Last night I watched the first part of Sir Trevor MacDonald’s documentary about his trip up the Mississippi to its source. Much of the episode dealt with the majesty and power of the river and also the devastation caused by Hurricane Katrina. Last week, tornadoes devastated parts of Texas and this morning I found a breaking news item about an 8.9 strength earthquake off the coast of Sumatra that triggered a widespread tsunami alert. All of these things serve to remind me of the wonder of our planet’s weather.
In the UK we frequently complain about our adverse weather but what happens elsewhere in the world really helps to put things into perspective. Nevertheless I was reminded of the potential power of our local weather the other day when looking at a some of the trees that had been blown down on a neighbouring estate. Marchmont House was built in the mid 18th century and that confirms my estimate of the age of one of the massive beech trees that had been brought down as I have a feeling that the trees situated in the park to the front of the house would have been planted around the time of construction. The uprooted beech tree stump that remained after trimming with a chain saw showed clear growth rings and I counted around two hundred and fifty or more. Another gigantic pine tree had also been brought down more recently but the ripped and shattered trunk meant that it was impossible to attempt to count rings. Perhaps in time this too will be trimmed and cleared to allow me to count. I also found it interesting to note that the most recent thirty rings showed much quicker growth than the previous hundred or so which showed very much slower growth seeing as they were so much closer together.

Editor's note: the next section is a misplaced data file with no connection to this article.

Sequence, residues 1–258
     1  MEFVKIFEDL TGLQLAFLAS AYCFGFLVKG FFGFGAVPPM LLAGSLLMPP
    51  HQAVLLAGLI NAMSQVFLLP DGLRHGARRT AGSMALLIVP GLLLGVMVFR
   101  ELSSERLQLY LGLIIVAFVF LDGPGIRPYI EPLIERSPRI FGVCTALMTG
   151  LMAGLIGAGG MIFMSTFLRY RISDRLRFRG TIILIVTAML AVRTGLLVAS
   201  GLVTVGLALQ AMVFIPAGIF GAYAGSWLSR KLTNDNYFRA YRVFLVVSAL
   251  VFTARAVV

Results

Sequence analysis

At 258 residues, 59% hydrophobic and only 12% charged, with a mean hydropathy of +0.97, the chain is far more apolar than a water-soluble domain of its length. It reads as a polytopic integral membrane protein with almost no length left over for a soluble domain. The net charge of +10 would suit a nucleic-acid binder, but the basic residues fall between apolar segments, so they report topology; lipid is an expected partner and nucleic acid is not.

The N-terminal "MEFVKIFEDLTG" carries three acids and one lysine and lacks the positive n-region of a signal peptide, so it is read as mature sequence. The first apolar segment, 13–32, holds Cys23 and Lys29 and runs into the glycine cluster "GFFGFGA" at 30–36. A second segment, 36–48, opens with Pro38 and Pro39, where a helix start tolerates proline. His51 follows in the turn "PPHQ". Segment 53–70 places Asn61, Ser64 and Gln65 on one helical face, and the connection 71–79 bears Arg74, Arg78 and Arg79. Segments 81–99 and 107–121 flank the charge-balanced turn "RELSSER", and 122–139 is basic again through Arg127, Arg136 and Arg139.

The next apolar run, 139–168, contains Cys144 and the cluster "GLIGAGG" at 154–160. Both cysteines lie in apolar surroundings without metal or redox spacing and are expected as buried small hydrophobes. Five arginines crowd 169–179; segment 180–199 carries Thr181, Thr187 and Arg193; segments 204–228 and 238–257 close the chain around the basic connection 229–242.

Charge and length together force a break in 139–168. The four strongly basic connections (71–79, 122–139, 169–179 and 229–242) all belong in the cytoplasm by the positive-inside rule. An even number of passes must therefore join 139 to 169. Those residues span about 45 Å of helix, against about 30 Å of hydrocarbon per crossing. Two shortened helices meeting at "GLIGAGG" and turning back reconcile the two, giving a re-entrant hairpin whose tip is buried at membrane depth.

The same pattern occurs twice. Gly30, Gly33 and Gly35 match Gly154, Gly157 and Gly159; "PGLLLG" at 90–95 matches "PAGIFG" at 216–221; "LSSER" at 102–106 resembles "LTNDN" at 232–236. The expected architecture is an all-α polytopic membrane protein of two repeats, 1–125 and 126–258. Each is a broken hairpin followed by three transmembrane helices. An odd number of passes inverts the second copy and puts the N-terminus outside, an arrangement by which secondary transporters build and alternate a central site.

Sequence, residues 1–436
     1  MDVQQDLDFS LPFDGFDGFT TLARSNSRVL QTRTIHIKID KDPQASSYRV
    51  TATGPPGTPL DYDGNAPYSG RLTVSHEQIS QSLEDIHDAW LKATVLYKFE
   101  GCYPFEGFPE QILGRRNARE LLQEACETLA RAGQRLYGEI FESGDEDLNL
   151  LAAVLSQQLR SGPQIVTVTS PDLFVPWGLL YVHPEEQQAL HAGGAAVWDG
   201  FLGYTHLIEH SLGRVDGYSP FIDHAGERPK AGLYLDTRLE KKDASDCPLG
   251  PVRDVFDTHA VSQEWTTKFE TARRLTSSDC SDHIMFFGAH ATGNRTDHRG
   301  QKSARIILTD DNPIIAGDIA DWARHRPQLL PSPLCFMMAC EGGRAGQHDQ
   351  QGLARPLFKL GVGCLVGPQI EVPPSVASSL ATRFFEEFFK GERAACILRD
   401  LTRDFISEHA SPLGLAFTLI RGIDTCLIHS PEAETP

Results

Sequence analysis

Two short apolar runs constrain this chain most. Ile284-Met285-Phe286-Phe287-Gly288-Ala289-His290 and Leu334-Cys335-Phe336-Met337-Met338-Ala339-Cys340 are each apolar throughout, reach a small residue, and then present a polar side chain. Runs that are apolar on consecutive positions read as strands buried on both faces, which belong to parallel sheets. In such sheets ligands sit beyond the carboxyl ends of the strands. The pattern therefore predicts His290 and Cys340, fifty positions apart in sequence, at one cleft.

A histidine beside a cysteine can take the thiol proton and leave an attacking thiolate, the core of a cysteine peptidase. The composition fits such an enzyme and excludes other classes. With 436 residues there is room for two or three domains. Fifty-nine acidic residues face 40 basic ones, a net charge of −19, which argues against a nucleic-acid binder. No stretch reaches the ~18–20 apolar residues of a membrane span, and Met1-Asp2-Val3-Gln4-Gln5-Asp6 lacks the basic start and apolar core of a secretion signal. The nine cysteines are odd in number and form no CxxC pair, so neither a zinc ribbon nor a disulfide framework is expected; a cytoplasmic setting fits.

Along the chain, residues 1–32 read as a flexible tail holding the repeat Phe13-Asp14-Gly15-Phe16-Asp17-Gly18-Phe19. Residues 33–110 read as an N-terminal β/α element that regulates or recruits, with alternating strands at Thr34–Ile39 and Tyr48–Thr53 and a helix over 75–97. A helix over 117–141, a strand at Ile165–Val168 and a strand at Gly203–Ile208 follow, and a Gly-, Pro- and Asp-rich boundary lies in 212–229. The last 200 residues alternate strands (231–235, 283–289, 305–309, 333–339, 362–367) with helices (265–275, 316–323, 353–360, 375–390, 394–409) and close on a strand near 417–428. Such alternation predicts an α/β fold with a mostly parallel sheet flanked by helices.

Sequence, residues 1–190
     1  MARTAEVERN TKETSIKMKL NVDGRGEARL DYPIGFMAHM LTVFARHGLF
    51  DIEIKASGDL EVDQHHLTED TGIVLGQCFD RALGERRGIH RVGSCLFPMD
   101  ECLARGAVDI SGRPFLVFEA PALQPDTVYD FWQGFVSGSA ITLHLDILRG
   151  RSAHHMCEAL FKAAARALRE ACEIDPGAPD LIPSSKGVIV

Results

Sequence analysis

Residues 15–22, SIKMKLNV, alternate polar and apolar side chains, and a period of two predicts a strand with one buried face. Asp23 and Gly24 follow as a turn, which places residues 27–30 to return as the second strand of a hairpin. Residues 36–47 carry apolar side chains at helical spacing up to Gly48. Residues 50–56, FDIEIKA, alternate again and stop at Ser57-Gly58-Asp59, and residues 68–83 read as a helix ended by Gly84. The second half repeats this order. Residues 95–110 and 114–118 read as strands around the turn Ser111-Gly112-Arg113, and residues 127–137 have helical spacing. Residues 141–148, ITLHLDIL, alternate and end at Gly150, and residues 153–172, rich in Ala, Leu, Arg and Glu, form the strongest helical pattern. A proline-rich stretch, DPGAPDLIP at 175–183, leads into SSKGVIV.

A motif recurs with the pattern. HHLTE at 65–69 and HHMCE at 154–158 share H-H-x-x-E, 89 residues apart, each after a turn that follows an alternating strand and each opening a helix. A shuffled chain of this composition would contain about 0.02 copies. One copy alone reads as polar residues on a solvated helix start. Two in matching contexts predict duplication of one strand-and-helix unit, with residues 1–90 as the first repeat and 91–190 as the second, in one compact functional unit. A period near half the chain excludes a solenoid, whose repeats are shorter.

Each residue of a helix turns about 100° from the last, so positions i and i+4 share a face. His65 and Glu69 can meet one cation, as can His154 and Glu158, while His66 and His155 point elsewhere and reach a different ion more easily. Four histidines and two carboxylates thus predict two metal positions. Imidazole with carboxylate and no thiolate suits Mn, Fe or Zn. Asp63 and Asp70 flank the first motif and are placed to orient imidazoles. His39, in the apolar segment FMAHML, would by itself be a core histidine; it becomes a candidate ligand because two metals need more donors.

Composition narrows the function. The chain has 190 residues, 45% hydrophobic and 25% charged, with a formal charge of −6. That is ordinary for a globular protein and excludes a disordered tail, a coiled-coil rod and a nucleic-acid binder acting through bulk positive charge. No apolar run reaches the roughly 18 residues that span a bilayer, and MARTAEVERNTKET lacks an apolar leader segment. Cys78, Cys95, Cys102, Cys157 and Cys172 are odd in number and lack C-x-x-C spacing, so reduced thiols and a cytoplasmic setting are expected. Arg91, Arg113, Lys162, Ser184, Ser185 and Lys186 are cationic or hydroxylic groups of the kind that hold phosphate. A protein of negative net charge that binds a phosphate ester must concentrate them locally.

I wonder what tale the growth rings of the trees planted by me last year will tell should they survive as long? We can plant trees but thereafter it is pretty much out of our hands, mother nature takes over; cold and drought will cause very slow growth, whilst heat and ample rain will speed growth. Too cold, too dry or too wet and they might die. In the case of the ancient trees at Marchmont it would seem to be exceptional winds that caused them to topple and pull the roots out of the ground.
Engineers continue to develop ways in which we might harness the elements in order to generate power, a task that grows more urgent as fossil fuel supplies continue to be consumed. Wind farms can be built, but if the wind doesn’t blow, they don’t generate; and too much wind brings its own problems with recent examples of turbines being destroyed by storm force winds. Hydro-electric power is reliable only as long as sufficient rain continues to fall, solar power isn’t particularly reliable if there is heavy cloud cover. I trust that engineers will continue to work to resolve problems and increase efficiency; wave and tidal power generation is always an option for sites around the coast.
Back to New Orleans, much of which lies below river level, something made possible by the construction of many levees – civil engineering that served its purpose well until Katrina showed just how feeble mankind’s efforts to contain the power of nature really are.
As I finish writing this it seems that the exact nature of this morning’s earthquake makes it unlikely that a tsunami will follow and the alert has been lifted – but that outcome was never in the control of mere humans. In the meantime, I’m sure that there will continue to be times when I moan about the terrible weather that we have to contend with here in the UK!